Franklin was laid out in 1795 by Andrew Ellicott, who four years earlier had been chosen by George Washington and Thomas Jefferson to work on the town plan of Washington, D.C. During the late eighteenth and early nineteenth centuries, Franklin had four forts within its boundaries. The earliest, the French Fort Machault, was built in 1753 and destroyed in 1760. The British immediately built Fort Venango (1760), which was destroyed in 1763 during Pontiac's Rebellion. In 1787, American soldiers built Fort Franklin as a defense against Indian attacks, and named it for Benjamin Franklin. This fort was abandoned in 1796. A fourth fort garrisoned troops in 1796 and became the first jail of Venango County; it stood until 1824. The town was incorporated as a borough in 1828 and made a city in 1868.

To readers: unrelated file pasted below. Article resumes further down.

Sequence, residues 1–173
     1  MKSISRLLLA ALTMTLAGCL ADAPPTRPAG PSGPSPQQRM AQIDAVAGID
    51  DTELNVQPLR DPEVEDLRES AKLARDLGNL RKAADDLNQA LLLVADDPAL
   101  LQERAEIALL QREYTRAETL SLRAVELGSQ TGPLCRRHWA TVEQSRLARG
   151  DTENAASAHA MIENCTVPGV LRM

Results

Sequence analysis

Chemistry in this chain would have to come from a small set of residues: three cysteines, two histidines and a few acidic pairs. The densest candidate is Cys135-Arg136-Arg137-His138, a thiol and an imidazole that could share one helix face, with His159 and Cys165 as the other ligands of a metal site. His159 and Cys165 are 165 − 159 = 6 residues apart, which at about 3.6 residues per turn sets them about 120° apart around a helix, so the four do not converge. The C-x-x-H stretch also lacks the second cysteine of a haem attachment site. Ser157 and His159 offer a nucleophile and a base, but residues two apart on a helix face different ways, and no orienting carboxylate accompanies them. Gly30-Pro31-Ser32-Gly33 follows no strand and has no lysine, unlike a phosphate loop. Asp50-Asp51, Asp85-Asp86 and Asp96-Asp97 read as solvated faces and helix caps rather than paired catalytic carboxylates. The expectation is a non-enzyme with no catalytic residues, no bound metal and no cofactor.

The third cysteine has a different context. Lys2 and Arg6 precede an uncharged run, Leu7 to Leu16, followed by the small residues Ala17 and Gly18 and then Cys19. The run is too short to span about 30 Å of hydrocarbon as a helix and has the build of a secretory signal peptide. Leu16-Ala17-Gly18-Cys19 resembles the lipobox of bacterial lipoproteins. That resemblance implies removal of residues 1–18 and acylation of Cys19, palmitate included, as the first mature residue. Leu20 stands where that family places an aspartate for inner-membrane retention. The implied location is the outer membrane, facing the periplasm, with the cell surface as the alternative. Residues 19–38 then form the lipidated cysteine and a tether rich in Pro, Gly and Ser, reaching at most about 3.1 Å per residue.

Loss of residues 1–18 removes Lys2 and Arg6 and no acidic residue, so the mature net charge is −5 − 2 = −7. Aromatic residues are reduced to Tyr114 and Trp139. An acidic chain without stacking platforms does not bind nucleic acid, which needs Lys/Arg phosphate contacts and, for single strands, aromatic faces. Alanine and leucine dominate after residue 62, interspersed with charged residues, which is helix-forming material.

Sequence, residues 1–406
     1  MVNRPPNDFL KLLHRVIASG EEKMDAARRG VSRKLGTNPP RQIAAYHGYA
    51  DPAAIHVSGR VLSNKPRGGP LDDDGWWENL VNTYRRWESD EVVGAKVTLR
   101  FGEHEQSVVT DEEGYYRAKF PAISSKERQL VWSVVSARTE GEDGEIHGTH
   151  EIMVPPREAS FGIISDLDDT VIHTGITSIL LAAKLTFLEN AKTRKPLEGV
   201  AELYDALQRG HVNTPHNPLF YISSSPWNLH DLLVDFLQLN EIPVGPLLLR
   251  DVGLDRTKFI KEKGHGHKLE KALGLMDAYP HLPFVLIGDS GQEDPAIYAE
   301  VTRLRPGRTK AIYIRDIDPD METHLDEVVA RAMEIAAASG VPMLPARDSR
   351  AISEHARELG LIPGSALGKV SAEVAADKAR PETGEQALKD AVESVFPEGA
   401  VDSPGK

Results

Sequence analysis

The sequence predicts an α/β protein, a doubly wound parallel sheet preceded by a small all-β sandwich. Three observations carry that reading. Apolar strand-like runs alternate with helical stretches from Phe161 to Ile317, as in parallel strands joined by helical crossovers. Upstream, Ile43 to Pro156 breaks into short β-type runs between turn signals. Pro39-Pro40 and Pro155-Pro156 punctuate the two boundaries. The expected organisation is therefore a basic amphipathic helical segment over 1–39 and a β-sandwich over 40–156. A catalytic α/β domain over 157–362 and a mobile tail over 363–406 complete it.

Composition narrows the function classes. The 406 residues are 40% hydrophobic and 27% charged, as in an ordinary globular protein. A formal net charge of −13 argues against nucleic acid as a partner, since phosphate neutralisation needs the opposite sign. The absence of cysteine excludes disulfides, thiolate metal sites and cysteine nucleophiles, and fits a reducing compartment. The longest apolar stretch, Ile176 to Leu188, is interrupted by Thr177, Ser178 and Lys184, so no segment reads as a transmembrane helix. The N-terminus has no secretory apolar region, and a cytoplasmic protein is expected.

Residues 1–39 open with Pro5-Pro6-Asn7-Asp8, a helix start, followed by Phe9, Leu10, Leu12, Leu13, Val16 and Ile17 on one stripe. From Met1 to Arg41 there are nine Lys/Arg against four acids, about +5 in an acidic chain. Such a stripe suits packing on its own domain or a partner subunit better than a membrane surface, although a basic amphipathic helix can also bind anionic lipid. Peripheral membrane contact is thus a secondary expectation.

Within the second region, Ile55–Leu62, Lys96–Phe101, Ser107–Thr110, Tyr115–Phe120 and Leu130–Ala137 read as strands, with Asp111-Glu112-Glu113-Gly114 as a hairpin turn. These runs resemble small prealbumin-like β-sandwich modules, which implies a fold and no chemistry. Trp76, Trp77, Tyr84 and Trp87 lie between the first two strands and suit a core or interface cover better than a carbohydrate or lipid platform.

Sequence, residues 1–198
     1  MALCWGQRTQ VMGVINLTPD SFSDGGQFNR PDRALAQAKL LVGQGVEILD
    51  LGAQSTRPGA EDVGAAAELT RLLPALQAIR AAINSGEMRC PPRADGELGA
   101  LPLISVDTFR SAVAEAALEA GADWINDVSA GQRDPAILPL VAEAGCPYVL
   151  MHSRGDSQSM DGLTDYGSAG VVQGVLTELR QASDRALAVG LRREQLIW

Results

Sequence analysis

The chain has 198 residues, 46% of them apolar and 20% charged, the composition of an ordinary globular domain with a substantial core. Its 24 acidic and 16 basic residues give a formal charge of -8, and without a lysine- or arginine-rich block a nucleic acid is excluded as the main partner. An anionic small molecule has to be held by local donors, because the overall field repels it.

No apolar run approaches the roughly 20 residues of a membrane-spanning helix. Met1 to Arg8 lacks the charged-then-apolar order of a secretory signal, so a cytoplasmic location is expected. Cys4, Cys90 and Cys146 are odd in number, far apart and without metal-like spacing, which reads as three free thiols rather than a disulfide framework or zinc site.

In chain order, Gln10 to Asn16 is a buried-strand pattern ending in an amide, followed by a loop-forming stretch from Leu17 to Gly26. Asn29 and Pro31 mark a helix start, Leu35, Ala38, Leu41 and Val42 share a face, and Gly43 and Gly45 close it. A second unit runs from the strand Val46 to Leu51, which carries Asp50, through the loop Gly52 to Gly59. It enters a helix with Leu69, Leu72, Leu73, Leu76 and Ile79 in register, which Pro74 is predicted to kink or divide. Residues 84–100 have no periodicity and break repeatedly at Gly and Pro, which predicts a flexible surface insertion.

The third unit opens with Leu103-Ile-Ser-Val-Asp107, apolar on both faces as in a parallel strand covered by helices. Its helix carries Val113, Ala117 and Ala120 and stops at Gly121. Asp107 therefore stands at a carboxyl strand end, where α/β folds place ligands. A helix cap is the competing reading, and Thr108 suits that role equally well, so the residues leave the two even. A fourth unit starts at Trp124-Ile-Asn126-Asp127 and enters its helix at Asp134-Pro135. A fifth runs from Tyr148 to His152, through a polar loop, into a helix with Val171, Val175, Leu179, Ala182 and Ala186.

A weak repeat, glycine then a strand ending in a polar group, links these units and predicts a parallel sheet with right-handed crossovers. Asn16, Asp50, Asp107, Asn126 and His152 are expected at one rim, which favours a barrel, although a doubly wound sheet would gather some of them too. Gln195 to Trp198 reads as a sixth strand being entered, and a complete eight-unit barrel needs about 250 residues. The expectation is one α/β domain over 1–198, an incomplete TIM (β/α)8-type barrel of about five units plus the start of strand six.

After 1866, the Jamestown and Franklin Railroad serviced Franklin, and later became known as the New York Central Railroad. Its station, built in 1901, remains at Railroad and 13th streets. Franklin, the oldest city in Venango County, is impressive for its intelligent planning and the integrity of its historic architecture. Several two- and three-story buildings in the commercial district are particularly noteworthy. Among them are the Bleakley Block of 1878 (1233–1239 Liberty Street) with stone veneer and incised pointed-arched window surrounds; a handsome red brick building of fourteen bays with peaked cornice dated c. 1880 (1234–1242 Liberty Street); and the Masonic Building built between 1886 and 1891 (1255 Liberty Street). Several buildings have second-story oriel and round-arched windows that are distinctive to Franklin. The Barrow-Civic Theatre, formerly Kayton Theater (1223 Liberty Street), is a Moderne rectilinear buff brick building with glazed tile inserts and a recessed ticket booth built in 1946. In 1979, the area from Miller Park to 8th Street and from Buffalo to French Creek and the Allegheny River was declared a historic district. Conscious historic preservation has enhanced tourism in the city of 7,400 residents.
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